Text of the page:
Greenpeace activist applies for top job at Poland's coal-burning utility

WARSAW (Reuters) - Greenpeace activist, Pawel Szypulski, said on Thursday he was applying for the chief executive job at Poland’s biggest utility PGE, with a plan to eliminate polluting coal from the group’s power production by 2030.

FILE PHOTO: Belchatow Power Station, Europe's largest coal-fired power plant operated by PGE Group, is pictured near Belchatow, September 12, 2018. REUTERS/Kacper Pempel/File Photo

State-run PGE generates electricity mostly from burning lignite and hard coal. The group plans to invest more in renewable sources of energy, mostly in offshore wind, but Szypulski says this is not enough.

“One can no longer continue the business as if there was no climate crisis. I will apply for the job today,” Szypulski told reporters in the front of PGE headquarters in Warsaw.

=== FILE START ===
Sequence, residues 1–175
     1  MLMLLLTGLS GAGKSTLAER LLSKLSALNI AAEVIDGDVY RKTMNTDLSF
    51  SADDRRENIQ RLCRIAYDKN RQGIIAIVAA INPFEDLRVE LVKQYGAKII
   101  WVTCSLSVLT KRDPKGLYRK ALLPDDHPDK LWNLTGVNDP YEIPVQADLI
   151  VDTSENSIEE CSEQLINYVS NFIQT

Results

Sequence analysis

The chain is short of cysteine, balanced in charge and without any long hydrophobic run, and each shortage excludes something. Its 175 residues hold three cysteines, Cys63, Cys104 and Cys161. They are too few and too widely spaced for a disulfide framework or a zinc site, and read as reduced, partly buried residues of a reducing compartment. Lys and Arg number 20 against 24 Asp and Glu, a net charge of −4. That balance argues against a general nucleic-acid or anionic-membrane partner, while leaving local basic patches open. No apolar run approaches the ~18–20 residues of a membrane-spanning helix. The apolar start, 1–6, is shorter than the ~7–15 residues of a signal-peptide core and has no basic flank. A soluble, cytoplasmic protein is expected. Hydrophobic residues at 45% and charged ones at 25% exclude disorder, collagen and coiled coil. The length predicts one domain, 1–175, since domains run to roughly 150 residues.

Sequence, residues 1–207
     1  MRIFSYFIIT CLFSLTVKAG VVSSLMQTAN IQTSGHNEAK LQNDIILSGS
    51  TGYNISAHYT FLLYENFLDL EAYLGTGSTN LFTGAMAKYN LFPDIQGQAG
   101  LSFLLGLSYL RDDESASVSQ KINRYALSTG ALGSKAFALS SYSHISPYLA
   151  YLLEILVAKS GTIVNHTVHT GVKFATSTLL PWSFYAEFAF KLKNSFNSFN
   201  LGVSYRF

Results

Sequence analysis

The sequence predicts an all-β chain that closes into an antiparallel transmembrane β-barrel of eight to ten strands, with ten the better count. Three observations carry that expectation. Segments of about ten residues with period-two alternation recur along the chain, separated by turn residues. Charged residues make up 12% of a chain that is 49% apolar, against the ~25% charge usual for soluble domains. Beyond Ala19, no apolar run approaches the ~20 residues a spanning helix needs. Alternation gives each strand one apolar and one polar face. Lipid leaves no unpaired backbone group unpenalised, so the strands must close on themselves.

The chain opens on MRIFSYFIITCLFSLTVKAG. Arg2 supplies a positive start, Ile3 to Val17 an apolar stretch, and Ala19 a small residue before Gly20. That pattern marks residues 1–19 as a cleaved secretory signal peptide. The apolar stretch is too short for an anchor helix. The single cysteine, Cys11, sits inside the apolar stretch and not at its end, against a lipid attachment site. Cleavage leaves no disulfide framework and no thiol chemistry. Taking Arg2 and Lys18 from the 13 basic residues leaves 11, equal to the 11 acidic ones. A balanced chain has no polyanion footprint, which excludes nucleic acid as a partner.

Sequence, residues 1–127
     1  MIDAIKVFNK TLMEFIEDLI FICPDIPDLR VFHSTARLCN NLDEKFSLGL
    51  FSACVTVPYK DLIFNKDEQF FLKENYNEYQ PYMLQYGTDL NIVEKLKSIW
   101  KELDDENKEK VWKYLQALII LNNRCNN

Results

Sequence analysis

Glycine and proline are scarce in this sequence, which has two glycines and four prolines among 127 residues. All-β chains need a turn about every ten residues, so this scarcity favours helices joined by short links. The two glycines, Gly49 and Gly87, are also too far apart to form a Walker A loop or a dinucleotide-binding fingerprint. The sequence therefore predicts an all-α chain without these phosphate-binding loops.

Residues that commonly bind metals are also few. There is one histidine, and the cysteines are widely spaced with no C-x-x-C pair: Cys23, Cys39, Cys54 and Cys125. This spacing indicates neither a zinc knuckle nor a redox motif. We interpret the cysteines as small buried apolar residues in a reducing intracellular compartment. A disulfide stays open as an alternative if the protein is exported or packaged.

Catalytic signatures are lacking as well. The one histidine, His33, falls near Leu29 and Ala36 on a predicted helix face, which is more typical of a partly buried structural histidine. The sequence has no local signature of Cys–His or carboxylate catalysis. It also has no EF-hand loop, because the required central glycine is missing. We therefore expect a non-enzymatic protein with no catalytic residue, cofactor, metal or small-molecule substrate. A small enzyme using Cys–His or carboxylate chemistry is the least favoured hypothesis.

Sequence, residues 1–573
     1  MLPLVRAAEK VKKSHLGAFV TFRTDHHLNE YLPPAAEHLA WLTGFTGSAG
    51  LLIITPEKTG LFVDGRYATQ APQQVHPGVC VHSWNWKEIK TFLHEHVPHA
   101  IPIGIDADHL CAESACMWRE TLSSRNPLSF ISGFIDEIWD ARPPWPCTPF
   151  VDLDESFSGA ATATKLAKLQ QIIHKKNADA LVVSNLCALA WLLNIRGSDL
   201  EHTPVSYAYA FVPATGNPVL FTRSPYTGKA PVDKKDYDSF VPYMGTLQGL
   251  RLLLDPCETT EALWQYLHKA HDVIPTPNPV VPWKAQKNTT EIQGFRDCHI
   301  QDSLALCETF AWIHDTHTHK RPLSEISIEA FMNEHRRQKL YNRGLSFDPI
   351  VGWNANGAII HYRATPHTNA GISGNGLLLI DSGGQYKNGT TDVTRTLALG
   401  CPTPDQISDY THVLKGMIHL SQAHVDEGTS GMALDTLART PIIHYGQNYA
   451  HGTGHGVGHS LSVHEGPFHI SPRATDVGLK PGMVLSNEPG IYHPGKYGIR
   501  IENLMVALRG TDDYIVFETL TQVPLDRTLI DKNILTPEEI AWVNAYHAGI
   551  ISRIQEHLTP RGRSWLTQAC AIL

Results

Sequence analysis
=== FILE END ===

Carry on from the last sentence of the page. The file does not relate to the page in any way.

He added that PGE, which owns Europe’s biggest coal plant in Belchatow, central Poland, should intensify investment in renewable sources as burning coal weighs on its financial results amid rising carbon emission costs.

Szypulski said his first decisions as PGE CEO would be to scrap the company’s plan to invest in a new lignite deposit in Zloczew, which is expected to extend Belchatow’s life, and to prepare a detailed scheme for a phase-out of coal by 2030.

His plans are in line with recommendations from the Institute for Energy Economics and Financial Analysis (IEEFA), a U.S.-based think-tank, included in its latest report on PGE.

“Lignite today accounts for more than half of all PGE’s generation, but we find it is loss-making on average long before 2030 under a higher carbon price outlook. Even under a low-carbon price outlook, lignite will only account for a small fraction of PGE profits after 2025,” the IEEFA reports said.

The deadline for applying for the PGE CEO job and other roles in the management board is Feb. 14.

Top jobs in Poland’s state-run companies are generally considered to be politicized.

PGE’s current CEO, Henryk Baranowski, was appointed in March 2016. Before that he was a deputy minister in the Law and Justice (PiS) government.

“I am convinced that I meet the criteria for the job,” Szypulski said.

Reporting by Agnieszka Barteczko; editing by David Evans